Showtime’s CIA cat-and-mouse thriller starts its third season at 8 p.m. Sunday.
Catch up with season two this weekend during a marathon of all 12 episodes back-to-back, starting at 11 a.m. Saturday.
No time to binge? This should help bring you up to speed:
WHAT TIME IS IT?
Season three picks up 58 days after the explosion at CIA headquarters in Langley, Virginia. More than 200 people died in the blast, which has been dubbed America’s “Second 9/11.” Congress is none too pleased with the agency, which is fighting for its very survival.
“The CIA itself is on trial,” showrunner Alex Gansa told TV critics as their summer press tour. “That is an agency that couldn’t even protect itself. How should it be expected to protect the country? Saul (Mandy Patinkin) is confronted with that very question in the first episode. Saul finds himself in a very unique and different position than he’s ever been in before, that is he is sitting in the director’s chair. He’s been quite comfortable on the sidelines for the last 20 years criticizing, making suggestions. All of a sudden, he finds himself now having to make the decisions. And with the actual existence of the CIA in question, he has to make some very uncharacteristic choices that he’s not comfortable making.”
HOW’S CARRIE HOLDING UP?
While last season started with a serene, medicated Carrie tending to her garden, this one does not. She’s off her meds (but exercising vigorously, just ask her), getting grilled by Congress and feeling like she has no one in her corner. Not even Saul.
Carrie (Claire Danes) isn’t in her happy place.
WHERE IN THE WORLD IS BRODY?
Not in the first two episodes that critics received for review. The country’s most wanted fugitive remains on the lam at the season’s start.
Brody (Damian Lewis) eventually resurfaces this season.
“It’s a function of the story that we don’t see Brody,” said Damian Lewis, the actor who plays the fallen hero. “He’s disappeared into a network of a tunnel system, an exfiltration procedure which Carrie has affected, and he’s the most wanted criminal in the world, arguably, at this point. He has to lay low. When you do see Brody … what state will he be in? Is he swanning around a yacht off the Côte d’Azure, surrounded by a bevy of Russian beauties? That was the pitch I plugged in. Or is he hidden away securely somewhere? Or is he lost? I hope that when you do see Brody for the first time, it will be it will be interesting.”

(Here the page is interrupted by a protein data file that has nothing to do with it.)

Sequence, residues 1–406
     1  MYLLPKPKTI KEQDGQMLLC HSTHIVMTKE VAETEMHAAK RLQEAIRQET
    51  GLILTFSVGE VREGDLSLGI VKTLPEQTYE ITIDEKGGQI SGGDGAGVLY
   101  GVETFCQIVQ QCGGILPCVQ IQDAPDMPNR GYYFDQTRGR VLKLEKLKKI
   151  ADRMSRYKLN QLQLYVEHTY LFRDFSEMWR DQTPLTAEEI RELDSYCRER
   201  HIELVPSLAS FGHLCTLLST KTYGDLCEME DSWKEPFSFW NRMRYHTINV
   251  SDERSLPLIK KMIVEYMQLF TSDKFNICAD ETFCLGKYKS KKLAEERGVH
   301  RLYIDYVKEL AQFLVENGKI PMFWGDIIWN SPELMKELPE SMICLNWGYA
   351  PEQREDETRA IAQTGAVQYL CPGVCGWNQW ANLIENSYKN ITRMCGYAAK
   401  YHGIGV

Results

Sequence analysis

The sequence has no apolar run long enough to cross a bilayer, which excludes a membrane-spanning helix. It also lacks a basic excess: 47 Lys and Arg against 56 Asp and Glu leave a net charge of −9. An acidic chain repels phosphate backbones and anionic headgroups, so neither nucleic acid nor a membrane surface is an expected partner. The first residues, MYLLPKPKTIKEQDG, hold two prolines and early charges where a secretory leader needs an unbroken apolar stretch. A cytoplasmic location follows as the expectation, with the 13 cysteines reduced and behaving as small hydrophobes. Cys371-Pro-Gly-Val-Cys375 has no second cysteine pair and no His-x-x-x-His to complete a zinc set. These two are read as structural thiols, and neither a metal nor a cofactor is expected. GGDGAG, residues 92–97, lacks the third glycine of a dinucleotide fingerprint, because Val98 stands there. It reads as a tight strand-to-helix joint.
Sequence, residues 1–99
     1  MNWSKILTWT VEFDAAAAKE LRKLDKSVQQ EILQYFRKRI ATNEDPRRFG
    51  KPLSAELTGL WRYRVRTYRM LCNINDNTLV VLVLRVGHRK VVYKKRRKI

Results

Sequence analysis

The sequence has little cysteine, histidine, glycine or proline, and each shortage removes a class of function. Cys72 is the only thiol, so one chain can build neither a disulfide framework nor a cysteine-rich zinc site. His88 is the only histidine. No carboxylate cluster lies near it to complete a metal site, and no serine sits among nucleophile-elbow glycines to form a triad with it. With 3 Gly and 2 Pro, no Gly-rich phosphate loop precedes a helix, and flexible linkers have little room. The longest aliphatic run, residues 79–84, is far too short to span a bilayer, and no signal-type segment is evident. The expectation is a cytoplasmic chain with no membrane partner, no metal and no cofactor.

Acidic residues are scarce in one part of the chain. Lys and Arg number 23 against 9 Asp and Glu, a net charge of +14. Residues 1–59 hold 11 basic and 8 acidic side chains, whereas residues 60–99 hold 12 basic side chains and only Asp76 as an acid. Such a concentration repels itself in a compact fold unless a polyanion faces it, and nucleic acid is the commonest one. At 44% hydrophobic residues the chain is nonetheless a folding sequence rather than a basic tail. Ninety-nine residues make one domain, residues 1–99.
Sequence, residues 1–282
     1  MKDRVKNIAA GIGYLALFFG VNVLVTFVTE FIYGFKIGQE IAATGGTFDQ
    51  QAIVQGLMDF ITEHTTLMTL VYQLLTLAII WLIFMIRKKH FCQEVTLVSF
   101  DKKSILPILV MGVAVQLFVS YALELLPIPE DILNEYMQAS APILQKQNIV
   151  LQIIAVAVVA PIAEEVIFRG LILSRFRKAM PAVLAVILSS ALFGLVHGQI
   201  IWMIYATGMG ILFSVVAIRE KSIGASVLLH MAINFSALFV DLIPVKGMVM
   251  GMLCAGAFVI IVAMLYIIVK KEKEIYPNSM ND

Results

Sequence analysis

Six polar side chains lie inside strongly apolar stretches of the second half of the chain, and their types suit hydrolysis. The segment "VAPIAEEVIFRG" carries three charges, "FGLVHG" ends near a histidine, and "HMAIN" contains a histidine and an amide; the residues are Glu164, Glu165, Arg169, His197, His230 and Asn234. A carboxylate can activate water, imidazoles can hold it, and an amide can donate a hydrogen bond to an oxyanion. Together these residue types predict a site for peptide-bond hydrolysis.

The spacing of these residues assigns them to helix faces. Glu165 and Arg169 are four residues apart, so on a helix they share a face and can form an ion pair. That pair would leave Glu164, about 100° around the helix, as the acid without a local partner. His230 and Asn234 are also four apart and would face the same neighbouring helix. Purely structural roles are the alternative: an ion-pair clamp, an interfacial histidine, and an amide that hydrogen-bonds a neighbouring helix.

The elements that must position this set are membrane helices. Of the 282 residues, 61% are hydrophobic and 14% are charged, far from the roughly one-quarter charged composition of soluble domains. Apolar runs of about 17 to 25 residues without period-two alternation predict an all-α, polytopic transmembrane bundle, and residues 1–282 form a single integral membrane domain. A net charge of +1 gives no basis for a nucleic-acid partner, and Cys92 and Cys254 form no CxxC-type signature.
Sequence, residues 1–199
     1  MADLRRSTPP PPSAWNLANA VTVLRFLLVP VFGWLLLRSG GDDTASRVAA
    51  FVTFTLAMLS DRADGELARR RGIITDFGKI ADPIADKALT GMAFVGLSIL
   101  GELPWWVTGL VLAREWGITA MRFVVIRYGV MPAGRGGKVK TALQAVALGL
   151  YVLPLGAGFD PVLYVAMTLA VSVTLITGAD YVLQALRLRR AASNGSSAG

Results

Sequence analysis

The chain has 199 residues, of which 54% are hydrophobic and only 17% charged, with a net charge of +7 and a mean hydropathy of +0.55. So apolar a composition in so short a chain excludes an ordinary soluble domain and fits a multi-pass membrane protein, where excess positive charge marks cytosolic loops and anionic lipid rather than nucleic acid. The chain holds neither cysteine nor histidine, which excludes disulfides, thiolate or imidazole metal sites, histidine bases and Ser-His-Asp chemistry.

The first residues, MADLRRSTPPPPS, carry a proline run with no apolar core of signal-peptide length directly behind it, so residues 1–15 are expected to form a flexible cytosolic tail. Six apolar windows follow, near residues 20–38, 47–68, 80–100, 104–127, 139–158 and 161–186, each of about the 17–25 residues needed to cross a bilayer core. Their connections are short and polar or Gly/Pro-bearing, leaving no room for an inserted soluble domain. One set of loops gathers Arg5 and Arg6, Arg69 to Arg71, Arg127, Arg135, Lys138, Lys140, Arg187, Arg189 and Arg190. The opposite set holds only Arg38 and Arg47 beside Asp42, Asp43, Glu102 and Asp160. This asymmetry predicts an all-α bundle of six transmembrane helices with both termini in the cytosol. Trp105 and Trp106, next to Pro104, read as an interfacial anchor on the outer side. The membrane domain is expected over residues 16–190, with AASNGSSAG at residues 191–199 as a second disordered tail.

WHAT ABOUT BRODY’S FAMILY?
They’re back — especially Dana. This worries me because I’ve always felt that Dana-centric storylines grind the show to a halt, much like Kim did in “24,” another show whose pedigree includes the co-creators of “Homeland.” This season starts with a lot of Dana. I have no quibble with the talented actress who plays her (Morgan Saylor). My quibble is with the writers who over-estimate the audience’s interest in her. Let’s hope it’s a fleeting fancy and the plot quickly moves on.
Dana (Morgan Saylor) is back. A lot.
ANY NEW FACES?
One of the first ones we see is Steppenwolf Theatre veteran Amy Morton (“Boss”), who steps up as Carrie’s lawyer. She has the unpleasant task of protecting her client from the chairman of the Senate Select Committee on Intelligence, played by Pulitzer Prize recipient and Tony Award-winning actor Tracy Letts (the only person on the planet to have that distinct combo of bragging rights). Nazanin Boniadi (“How I Met Your Mother”) portrays Fara, a rookie CIA analyst who’s Muslim.
Fara (Nazanin Boniadi is a new addition this season.
Shaun Toub (“The Kite Runner”) comes aboard later in the season as Majid Javadi, a member of the Iranian intelligence service whom Saul knew way back when in Iran. Interesting tidbit:
* The late writer Henry Bromell won a posthumous Emmy Sunday for his work penning last season’s stellar episode, “Q & A,” in which Carrie interrogates Brody, who in turn crumbles. Bromell’s son, Will, came in this season to finish his father’s script for the third episode.